Ever since I made the trek from my shitty college apartment in Caldwell, Idaho, alllll the way into the big city—Boise!—to buy that ugly hunk of black plastic that was the first Xbox, I've been happily coming back, time and time again, for more Halo.

I'm not alone in this dedication. (Hello, this guy.) What was once intended as a third-person action game for the PC and the Mac has instead grown into the Xbox's flagship franchise—one that's spread across nine years, four ridiculously successful first-person shooters, a stab at an RTS, a failed attempt at a movie, as well as DVDs, comics, and god knows what else. When Halo: Reach came out earlier this week, it racked up $200 million in 24 hours; like Mario and Sonic, Master Chief has become an embedded part of the pop consciousness.

Which makes it all the more significant that Reach is, in some ways, a "final" Halo game. True, Microsoft will never, ever let this franchise die—but Reach is the final Halo title the games' creators and original developers, Bungie, are overseeing. Fittingly, it feels conclusive and complete—a powerhouse of a game that's incredibly fun to play and impressively refined. Halo: Reach focuses and polishes everything its predecessors have done so well; it feels as if Bungie set out to make the definitive Halo game, and I'm pretty sure they succeeded.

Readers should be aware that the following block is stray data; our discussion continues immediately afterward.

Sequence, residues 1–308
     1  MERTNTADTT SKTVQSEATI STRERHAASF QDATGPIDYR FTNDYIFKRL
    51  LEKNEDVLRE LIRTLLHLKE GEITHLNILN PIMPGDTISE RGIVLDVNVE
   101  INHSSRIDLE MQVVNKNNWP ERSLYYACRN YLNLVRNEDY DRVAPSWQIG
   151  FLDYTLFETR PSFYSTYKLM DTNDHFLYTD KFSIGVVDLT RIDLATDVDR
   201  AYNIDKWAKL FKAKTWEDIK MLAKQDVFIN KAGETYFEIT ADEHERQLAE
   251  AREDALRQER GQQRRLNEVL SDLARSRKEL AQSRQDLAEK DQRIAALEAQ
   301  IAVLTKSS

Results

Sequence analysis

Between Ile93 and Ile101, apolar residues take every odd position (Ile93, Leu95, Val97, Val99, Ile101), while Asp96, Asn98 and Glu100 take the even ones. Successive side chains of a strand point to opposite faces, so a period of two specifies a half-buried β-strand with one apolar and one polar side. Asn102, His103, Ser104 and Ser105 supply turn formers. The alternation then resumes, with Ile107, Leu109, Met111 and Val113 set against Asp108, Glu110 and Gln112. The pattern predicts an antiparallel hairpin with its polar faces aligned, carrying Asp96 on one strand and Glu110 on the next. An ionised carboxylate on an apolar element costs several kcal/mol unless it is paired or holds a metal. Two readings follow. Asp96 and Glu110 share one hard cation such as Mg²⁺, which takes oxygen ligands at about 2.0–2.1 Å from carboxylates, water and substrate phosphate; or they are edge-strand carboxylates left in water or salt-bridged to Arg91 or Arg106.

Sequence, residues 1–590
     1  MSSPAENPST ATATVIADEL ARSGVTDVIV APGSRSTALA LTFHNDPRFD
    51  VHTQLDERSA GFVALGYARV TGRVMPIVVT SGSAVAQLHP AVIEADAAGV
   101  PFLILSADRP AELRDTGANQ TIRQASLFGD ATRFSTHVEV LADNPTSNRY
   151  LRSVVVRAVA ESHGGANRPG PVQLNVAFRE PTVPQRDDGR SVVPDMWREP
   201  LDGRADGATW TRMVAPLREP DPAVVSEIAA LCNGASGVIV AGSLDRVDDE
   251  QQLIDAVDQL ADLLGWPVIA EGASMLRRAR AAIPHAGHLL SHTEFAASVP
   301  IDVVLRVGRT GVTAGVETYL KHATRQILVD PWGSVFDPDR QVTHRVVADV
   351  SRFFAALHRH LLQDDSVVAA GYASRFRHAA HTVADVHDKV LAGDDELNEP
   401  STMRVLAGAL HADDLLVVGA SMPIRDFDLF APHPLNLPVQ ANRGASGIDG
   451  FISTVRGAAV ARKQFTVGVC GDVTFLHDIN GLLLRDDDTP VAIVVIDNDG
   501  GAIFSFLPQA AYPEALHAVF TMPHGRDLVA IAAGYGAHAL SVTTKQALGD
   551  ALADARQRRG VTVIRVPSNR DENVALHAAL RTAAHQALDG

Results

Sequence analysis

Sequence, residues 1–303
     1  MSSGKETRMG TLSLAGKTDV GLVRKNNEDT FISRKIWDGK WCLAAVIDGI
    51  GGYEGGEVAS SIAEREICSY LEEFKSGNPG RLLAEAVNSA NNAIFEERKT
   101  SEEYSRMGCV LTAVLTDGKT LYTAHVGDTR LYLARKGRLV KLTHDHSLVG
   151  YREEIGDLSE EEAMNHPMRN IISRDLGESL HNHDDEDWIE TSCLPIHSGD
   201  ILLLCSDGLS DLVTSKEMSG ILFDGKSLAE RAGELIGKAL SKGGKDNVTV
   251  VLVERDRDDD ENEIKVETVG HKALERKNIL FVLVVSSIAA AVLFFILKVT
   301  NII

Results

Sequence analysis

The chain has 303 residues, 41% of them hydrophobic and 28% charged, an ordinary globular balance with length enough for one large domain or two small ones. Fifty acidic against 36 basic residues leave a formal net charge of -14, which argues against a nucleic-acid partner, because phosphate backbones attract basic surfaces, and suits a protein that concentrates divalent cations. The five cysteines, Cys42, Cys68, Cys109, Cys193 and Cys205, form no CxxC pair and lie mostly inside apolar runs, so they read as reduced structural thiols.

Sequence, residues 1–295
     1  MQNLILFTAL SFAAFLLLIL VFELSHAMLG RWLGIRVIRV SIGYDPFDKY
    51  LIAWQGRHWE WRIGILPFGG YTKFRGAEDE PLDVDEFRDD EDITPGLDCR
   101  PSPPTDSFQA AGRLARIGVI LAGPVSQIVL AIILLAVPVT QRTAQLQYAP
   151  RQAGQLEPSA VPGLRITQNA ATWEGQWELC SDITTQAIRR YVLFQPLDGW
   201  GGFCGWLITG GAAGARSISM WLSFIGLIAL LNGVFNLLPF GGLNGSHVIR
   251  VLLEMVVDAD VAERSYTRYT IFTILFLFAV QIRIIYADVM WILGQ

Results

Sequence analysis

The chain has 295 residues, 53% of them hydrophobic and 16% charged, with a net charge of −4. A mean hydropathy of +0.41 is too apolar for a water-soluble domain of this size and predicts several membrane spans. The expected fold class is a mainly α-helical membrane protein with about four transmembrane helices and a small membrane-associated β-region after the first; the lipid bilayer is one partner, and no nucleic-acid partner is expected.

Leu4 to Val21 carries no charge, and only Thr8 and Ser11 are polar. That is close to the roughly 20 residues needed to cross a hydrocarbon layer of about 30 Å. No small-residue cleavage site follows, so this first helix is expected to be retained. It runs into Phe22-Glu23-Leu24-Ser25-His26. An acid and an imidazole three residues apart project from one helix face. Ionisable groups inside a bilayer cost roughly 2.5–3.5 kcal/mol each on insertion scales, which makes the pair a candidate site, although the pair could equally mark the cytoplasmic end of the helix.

(Before I go much further, a disclaimer: I haven't finished Reach yet. I KNOW, I KNOW. However: I've played most of the campaign, in both solo and co-op modes, and I've played a solid amount of online multiplayer. I'm a bit torn: (A) I have to review this game, 'cause it's kind of my job, but (B) I'm really enjoying Reach, especially the campaign, and I don't really want it to end. [Also, {C} It might just be me, but I swear Reach's campaign is tougher than those of previous Halos, so it's taking me longer than I predicted to blast my way through it.] Point is: I wouldn't be reviewing this if I didn't feel like I could give you guys a thorough take on it, but I reserve the right to add a postscript to this review if the game's campaign suddenly shits the bed at the very end or just abruptly... stops, like Halo 2's did. I don't think that'll be the case, though. End disclaimer!)